18. 4 out of 5

    Joe

    A friend of mine, who has a military background recommended this book to me. What it revealed to me was the "boots on the ground" perspective, lacking in so much of the political texts that have been written about this war. Starting immediately after 9/11 and evolving to 2009, Bing West shows how difficult this war has become in part due to the miscalculations of the Bush administration in the early years and the way the surge righted a VERY SINKING SHIP. It also details the difficulties facing A friend of mine, who has a military background recommended this book to me. What it revealed to me was the "boots on the ground" perspective, lacking in so much of the political texts that have been written about this war. Starting immediately after 9/11 and evolving to 2009, Bing West shows how difficult this war has become in part due to the miscalculations of the Bush administration in the early years and the way the surge righted a VERY SINKING SHIP. It also details the difficulties facing our brave men and women even today as we try to execute a successful end game. I recommend this book to anyone who wishes to understand this war from the soldiers perspective.

  19. 5 out of 5

    Paul

    Reading the takes me back. Its a pretty good overview of the war on a more operational and tactical level focusing on the middle to lower level military. The author builds a pretty strong case that for all the blundering in Washington, the individual leaders endured and accomplished whatever tasks they were dealt. In doing so, they may have turned defeat into victory. America's military is the strongest tribe.

  20. 4 out of 5

    Jwduke

    This book looks in impressive and looks like some ignorant grunt wrote it. After reading, that's not entirely accurate. The book is impressive, and grunts wrote it, Bing West just collected what they had to say, from general to private, analyzed it, and compared it to policy makers decisions. The result was a comprehensive study of the Iraq war from every perspective possible. West pulls no punches, but is equally fair with his praise of those who deserved it.

  21. 4 out of 5

    Dfoulser

    So the surge was created as a way to take advantage of the Sunni Awakening, but still did not address political problems in the Iraqi government. If I'd heard in the press what I read in this book, I'd have preferred to get Maliki out of the gov't instead of troops out of Iraq. A story that needs to be told, and heard.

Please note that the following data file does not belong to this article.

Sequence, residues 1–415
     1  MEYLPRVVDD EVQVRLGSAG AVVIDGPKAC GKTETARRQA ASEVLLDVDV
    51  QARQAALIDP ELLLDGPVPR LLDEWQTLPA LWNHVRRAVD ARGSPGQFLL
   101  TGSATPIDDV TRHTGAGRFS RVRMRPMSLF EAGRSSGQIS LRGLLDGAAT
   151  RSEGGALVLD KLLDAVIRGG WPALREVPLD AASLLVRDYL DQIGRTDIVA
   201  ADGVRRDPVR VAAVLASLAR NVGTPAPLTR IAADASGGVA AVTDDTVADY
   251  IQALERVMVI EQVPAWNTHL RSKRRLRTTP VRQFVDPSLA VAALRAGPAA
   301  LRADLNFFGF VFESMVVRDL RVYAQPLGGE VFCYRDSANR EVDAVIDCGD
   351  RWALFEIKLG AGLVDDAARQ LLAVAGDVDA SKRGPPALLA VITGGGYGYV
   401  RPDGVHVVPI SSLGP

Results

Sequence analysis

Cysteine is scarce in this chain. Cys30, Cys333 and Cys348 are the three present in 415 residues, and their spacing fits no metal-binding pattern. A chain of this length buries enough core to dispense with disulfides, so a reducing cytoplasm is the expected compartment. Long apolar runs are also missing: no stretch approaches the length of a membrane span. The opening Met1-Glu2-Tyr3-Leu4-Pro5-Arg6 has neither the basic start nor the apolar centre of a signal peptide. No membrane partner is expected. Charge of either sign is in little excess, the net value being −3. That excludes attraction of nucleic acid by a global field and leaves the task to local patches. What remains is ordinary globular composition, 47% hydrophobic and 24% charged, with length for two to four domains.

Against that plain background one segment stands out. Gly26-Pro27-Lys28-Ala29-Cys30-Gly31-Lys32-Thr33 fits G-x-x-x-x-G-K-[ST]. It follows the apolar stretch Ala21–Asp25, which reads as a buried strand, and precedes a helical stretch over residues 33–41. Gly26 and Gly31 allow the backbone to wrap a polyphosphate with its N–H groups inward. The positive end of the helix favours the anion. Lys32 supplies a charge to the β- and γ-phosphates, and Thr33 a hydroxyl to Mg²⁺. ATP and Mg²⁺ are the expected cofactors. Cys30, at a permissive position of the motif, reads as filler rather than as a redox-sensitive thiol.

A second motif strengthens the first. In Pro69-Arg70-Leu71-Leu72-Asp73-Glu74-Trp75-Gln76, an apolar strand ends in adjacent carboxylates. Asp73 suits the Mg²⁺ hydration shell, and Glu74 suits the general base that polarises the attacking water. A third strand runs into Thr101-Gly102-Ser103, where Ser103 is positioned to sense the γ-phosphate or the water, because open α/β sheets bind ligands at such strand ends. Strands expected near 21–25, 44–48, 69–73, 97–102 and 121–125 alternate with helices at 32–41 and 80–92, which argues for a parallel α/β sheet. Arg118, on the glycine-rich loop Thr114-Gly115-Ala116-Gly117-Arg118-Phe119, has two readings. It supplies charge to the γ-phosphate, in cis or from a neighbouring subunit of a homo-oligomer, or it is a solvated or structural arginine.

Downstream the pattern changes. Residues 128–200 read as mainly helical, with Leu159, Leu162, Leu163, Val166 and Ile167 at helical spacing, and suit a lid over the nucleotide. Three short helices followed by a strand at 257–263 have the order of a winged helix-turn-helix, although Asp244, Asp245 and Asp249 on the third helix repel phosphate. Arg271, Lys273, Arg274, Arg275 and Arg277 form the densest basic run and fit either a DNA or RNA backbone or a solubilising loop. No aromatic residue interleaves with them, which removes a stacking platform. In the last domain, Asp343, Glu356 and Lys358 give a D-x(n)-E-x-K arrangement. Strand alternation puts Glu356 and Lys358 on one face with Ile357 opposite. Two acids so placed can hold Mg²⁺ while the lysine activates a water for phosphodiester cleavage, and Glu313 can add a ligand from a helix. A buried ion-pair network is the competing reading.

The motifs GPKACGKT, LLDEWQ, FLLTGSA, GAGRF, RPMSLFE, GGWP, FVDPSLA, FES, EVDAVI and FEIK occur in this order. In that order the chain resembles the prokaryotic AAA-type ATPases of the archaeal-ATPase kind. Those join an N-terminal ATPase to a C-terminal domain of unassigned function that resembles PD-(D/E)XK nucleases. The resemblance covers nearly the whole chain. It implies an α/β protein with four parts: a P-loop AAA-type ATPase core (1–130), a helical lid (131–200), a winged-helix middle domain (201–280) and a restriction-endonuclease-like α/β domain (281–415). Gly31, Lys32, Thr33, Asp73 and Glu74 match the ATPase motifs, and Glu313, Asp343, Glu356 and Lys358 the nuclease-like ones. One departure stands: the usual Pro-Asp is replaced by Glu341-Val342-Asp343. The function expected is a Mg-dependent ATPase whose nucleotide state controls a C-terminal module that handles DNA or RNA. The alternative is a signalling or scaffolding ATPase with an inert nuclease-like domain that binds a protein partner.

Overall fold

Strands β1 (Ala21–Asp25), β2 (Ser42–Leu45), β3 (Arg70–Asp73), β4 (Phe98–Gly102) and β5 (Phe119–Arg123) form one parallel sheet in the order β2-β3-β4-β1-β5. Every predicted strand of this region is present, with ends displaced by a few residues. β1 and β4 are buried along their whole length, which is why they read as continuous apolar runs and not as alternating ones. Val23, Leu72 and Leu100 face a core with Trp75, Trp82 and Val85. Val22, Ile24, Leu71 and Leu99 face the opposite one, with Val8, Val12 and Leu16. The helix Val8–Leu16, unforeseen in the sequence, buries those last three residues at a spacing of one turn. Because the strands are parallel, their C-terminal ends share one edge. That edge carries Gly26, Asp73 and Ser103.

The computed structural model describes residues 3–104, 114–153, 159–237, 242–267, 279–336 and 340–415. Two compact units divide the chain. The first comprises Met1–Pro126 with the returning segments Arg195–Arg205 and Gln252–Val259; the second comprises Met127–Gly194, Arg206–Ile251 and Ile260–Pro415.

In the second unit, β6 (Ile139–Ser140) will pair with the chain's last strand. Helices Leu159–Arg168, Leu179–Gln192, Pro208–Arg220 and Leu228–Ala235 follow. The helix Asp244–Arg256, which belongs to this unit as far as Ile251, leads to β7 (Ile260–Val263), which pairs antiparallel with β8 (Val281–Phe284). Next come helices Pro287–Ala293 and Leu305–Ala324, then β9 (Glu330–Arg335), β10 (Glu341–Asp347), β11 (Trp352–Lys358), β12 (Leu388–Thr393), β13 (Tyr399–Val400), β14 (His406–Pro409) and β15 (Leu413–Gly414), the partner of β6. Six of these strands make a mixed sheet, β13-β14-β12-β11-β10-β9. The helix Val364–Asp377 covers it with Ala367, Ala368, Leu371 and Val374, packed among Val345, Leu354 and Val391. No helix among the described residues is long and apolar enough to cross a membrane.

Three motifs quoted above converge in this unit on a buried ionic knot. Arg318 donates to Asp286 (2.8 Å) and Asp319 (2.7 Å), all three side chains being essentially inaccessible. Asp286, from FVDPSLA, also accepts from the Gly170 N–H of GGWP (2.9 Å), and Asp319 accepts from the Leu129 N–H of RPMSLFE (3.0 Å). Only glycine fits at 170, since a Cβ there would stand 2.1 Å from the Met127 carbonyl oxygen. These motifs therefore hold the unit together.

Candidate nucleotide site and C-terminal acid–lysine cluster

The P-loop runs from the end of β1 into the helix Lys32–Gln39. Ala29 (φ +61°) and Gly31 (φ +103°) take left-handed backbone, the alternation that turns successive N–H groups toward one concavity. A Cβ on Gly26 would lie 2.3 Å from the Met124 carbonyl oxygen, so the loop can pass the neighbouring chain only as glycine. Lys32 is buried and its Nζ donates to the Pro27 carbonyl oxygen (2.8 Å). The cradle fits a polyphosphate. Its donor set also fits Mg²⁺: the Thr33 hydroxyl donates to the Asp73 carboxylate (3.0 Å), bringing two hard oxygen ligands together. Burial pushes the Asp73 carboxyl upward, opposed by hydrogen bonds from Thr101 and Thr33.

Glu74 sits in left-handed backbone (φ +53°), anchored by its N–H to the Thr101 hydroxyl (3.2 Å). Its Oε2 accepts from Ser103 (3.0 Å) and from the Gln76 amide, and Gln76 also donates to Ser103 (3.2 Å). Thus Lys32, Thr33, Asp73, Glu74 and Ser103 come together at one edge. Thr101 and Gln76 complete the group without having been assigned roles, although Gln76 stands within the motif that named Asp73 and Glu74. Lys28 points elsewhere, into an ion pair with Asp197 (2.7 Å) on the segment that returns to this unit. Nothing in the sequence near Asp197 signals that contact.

22. 5 out of 5

    Brent

    This is a fantastic view at the tactical level leading up and into the beginning of the Surge strategy. Perhaps most instructive is the list of 'Lessons Learned' at the end of the book. This is a must read for any student of military strategy to understand the happenings at the tactical level.

  23. 5 out of 5

    Nick

    Alright, maybe I'm not quite halfway through this after all. Interesting narrative about solving a very difficult problem in Iraq, although not as difficult as the problem in Afghanistan. Author has a slight bias, but very interesting. Be a filter.

  24. 5 out of 5

    Jim

    Another great book from Bing West. No BS, tells it like it is. After dozens of patrols and interviews with soldiers of all ranks, and government officials, West show the flaws in prosecution of the Iraq war.

  25. 5 out of 5

    Kelly

    The Strongest Tribe: War, Politics, and the Endgame in Iraq by Bing West (2008)

  26. 4 out of 5

    Reid Schluchter

    It was a good book and it opens your eyes to bigger things

  27. 5 out of 5

    Frank

    Excellent read. Gets across the "grunts on the ground" view of Iraq vs. the politics. West may be retired Marine but is fully engaged and his view reflects their motto, "Semper Fi".

  28. 4 out of 5

    Jfarley

    outstanding. read it immediately.

  29. 5 out of 5

    Dave Beeman

    Excellent work on the going on's in Iraq from summer 2003 to 2009. Covers the military, political, and economic aspects of the conflict.

  30. 5 out of 5

    Jeff

    A thorough look into the history of the overall Iraq War (2003-2011). Does a great job of balancing the efforts of all branches of the American military.